From drinking water to DNA, from caffeine to carbon dioxide, and from Lipitor to Viagra—that is from atorvastatin to sildenafil citrate—molecules define our personalities, regulate our abilities, and dictate our feelings. Invisible to the human eye, many of them are biological celebrities: They famously smell or stink, make us feel depressed or elated, pollute our planet or save our lives. Even the most destructive molecules are so essential to our civilization that modern industry wouldn’t exist without them. Here we describe seven of the most prominent corpuscular figures, without which our life would be completely different. In fact, without some of them, scientists say, there’d be no human life at all.
Beta-ionone—the sexy scent superstar
Beta-ionone, the sweet-smelling molecule that gives many a flower its pleasant alluring aroma, is famed for its sexy odor. You smell it when you sniff wild violets, enjoy your Valentine’s Day bouquet, or catch a whiff of Chanel perfume.
“Flowers are the sexual organs of plants,” says Ayala Moriel of Ayala Moriel Parfums, which specializes in natural scents. Beta-ionone is important to flowers’ reproductive strategy and helps attract bees and other insect pollinators.
But it also happens to be pleasing to humans, which explains its celebratory status in the world of manufactured scents. Chanel No.19, Fleur No. 1, Après l’Ondée, l’Heure Bleue, and many others use beta-ionone.
Beta-ionone is highly volatile, meaning it vaporizes easily—otherwise it would never waft off the blossoms. It also has an extremely low odor-detection threshold. While its molecular formula is always the same, C13H20O, the experience of smell varies greatly from person to person, Moriel says. “Beta-ionone smells powdery but with a green scent, although some might find it more fruity, like raspberry.”
Ethanol—the celebrated intoxicant
From punk rock shows to operas and from weddings to world leaders’ meetings, ethanol, more commonly known as alcohol, C2H6O, is poured into every celebratory champagne flute, chilled martini glass, and frothing beer mug.
Quickly absorbed by the blood stream, ethanol molecules travel to the liver, kidneys, and also the brain, where they interfere with the neurotransmitter receptor proteins involved in memory, speech, and decision-making. These receptors contain cavities that are normally filled with water, but ethanol works its way into the cavities, displacing the water.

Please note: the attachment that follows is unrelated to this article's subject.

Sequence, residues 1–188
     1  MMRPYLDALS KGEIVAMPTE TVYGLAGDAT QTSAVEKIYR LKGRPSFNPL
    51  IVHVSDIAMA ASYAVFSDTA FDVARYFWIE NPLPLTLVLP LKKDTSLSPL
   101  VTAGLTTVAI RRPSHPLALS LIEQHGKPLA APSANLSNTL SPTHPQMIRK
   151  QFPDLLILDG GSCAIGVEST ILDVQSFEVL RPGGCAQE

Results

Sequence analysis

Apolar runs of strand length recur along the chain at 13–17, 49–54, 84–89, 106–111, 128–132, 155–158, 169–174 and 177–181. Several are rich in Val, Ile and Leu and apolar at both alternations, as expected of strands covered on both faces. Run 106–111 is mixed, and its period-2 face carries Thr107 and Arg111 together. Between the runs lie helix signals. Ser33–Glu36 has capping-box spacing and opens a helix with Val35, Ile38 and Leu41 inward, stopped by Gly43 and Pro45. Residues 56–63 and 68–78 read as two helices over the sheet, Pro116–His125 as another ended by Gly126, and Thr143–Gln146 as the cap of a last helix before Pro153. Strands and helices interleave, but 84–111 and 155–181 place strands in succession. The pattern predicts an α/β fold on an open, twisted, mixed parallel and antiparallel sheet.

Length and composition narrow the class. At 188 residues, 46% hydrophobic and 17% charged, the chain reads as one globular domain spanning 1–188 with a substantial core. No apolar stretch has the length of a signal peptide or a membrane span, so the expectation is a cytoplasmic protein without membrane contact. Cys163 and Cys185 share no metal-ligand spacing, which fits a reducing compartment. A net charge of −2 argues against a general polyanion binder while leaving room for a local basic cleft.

“In most proteins this displacement wouldn’t make any difference—ethanol is close enough to water that the protein doesn’t care,” said R. Adron Harris, Director of the Waggoner Center for Alcohol and Addiction Research at the University of Texas, Austin. “But in certain proteins in the brain, ethanol changes their function.”
Ethanol stimulates gamma-aminobutyric acid (GABA) receptors, which have a brain-dampening effect, and inhibits glutamate receptors, which have a brain-stimulating effect. Ethanol also stimulates the production of happiness-inducing brain chemicals, including dopamine and endorphins. The result is the slurry, blurry good cheer we know as intoxication.
Because a single gram of alcohol increases urination by 10 mL, drinkers become dehydrated. As the body metabolizes ethanol, water reinserts itself into protein cavities, and then the brain finds itself in overdrive. The result is the headaches, sleep disruption, fatigue, and nausea of a hangover. That’s why many party-goers find that a drink the next morning alleviates the symptoms and why chronic alcoholics need a reinfusion so desperately.
Oxytocin—famed for love and other good deeds
Alcohol is nothing compared to the intoxicating power of oxytocin, dubbed in popular literature as the love hormone. “There would be no human beings without oxytocin,” says behavioral endocrinologist Sue Carter, who has been studying the molecule for 33 years.
Studies link oxytocin to orgasmic pleasure, protective feelings toward those we love, stress relief, satiety, generosity, and even certain kinds of memory recall. Oxytocin causes uterine contractions during labor. While a number of mammals deliver their offspring without it, human babies, with their large heads, need its help to be pushed through the mother’s cervix. It also triggers lactation in nursing moms. “It’s an ancient molecule,” Carter says. “It originated long ago, and has been reused over and over again by our thrifty biology for multiple purposes.”
“There would be no human beings without oxytocin,” says behavioral endocrinologist Sue Carter.
Oxytocin is composed of nine amino acids containing the standard organic chemistry building blocks—carbon, hydrogen, nitrogen, and oxygen—but, fittingly for a love molecule, it also has two devilish sulfur atoms (C43H66N12O12S2).
“Disulfide bonds are the most labile bonds in biological systems, meaning that they break easily,” says Lance Martin, founder of Martin-Protean, a company that investigates the molecular properties of oxytocin. Martin says that oxytocin courses through our system in a dormant form—its disulfides bond with some non-reactive protein—until the biomolecular context changes and some new proteins, hormones, or other elements enter the scene. The disulfide bonds break easily and oxytocin gets to work—relieving stress, inducing happiness, and prompting feelings of trust, among other things.
Draculin—the potential lifesaver